Wednesday, June 24, 2009

United to (some) Travel Agents: Credit Card Fees are Your Problem

It appears United has taken the next step in the airline industry's never-ending quest to lower distribution costs or at least get others to shoulder the burden for them... As first reported in the Beat, United today informed a currently unknown number of travel agents that they would no longer be able to use the industry reconciliation system, ARC, to process tickets which were paid for with a credit card.

United is asking these travel agents to process credit card transactions themselves and then report the sale as a cash transaction. Until now, when a travel agency (or OTA) has sold a published ticket on United (or any other carrier) the credit card is actually processed by the airline. As such, the airline is responsible for paying the 2-3% (in rough numbers) that Amex, Visa, Mastercard and Discover charge for using their cards. In the new world proposed by United, agents will process the credit cards themselves (presumably along with an additional consumer fee) and then remit the full amount of the ticket back to United. This would obviously save a considerable amount of money for United if widely adopted.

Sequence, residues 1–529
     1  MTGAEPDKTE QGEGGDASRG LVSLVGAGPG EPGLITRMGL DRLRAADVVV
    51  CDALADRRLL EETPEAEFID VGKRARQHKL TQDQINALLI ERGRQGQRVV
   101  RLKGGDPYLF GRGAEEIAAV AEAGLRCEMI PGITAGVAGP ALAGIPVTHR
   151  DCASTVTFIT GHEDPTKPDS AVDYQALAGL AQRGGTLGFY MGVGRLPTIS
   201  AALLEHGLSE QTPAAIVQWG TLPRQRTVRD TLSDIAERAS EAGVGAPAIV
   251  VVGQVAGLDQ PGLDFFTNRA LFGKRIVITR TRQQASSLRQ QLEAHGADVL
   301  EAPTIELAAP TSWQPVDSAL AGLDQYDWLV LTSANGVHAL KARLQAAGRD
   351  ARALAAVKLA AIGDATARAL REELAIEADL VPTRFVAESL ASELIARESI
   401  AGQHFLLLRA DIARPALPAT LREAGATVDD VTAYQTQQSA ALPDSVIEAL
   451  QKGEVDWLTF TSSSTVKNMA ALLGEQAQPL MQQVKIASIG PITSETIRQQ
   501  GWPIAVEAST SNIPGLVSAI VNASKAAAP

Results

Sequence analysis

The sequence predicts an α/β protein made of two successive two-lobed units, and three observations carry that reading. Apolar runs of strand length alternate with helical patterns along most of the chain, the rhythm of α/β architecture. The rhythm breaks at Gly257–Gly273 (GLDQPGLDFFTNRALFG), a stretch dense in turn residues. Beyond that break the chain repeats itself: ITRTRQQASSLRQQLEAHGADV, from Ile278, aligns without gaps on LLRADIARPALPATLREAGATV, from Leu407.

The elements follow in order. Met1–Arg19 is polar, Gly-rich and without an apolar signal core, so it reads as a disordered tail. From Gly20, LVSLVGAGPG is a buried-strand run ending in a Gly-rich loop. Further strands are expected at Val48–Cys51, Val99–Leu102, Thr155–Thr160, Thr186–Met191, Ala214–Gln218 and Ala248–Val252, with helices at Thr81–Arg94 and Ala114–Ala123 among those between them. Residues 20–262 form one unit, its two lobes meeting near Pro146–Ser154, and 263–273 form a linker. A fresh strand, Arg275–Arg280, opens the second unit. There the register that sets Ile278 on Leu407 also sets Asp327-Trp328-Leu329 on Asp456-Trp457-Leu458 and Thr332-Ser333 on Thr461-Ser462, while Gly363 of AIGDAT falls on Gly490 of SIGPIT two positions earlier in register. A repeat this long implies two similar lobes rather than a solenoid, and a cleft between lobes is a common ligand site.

Still too early to tell what this means for consumers but if the airline industry adopts United's moves broadly, consumers may be forced to pay one more fee if they are not willing or cannot visit an airline's website directly. Given the usual herd mentality in the industry starting way back when commissions were reduced and carrying forward to today's myriad of baggage, mileage redemption and call center fees, it would not be surprising to see this play out in a broader way.

If adopted even more broadly and applied to the Online Travel Agencies, they would be forced to reinstate some sort of booking fee in order to cover the costs of paying credit card merchant fees. This would return a pricing advantage to the websites that has recently been removed by all of the major players in an attempt (which we have heard has been successful) to drive growth.

It is unclear, in a typical airline conundrum, if the agency would be allowed to use traditional ARC processing if a consumer attempted to pay for their ticket using their Chase Mileage Plus Visa card.....


  1. Have you heard or read about any feedback by Travel Agents by this move? Are any simply boycotting United I wonder?

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